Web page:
Italy’s fashion brands have Chinese connection

The idyllic countryside in Qingtian county, near Wenzhou in Zhejiang province. DJ CLARK/CHINA DAILY

For centuries, Prato has stood as a prominent center of Italian fashion production, nestled within the picturesque central region of Tuscany, celebrated for its rich artistic heritage.

However, in the 1990s, this medieval city faced a pressing challenge — scarcity of labor and inability to keep pace with the rapid changes in the fashion industry.

Consequently, a wave of Chinese immigrants flocked to the city, answering the call to collaborate with their Italian counterparts for swiftly producing affordable garments.

As a result, Prato now boasts one of the largest concentrations of Chinese immigrants in Europe, with one in four originating from China.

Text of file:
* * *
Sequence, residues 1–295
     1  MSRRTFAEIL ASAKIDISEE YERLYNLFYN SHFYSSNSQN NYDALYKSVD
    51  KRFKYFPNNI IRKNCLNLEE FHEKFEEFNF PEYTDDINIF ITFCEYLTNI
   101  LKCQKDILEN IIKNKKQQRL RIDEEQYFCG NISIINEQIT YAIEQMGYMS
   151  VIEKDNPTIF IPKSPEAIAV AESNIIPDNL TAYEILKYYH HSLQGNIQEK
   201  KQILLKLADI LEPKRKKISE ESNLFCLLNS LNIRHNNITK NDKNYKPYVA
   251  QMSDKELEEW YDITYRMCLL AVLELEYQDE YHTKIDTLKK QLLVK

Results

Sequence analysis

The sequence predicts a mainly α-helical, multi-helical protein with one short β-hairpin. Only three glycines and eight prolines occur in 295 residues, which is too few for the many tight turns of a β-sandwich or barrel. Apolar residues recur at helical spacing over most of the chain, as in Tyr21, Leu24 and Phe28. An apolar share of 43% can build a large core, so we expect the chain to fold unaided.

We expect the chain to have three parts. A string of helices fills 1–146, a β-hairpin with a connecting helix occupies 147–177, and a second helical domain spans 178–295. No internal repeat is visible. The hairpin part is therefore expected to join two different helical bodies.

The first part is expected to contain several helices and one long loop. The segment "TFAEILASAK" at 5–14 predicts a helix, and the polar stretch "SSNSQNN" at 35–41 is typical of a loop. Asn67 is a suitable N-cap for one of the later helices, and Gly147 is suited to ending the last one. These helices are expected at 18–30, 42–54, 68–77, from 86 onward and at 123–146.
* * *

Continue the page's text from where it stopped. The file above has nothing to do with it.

Many of them actively contribute to the realm of “fast fashion”, or as it is known in Italian, pronto moda.

One such person is Xu Qiulin, whose connection with Prato goes back to 1989 when he embarked on a career in fast fashion.

Recounting his modest beginnings, Xu said his first workshop occupied an estimated area of 150-200 square meters in the city, and the space was divided into five or six rooms, each equipped with around five or six sewing machines, sometimes even a dozen.

“I had a team of two or three workers, and I actively participated in material sourcing and assisting them with their tasks,” he said. “Communication posed a challenge due to my limited proficiency in Italian language.

“When I first arrived, there were very few Chinese, only about five to six hundred. However, the Chinese population has now reached 50,000.”

His story highlights the significant growth of the Chinese community in Prato over the years.

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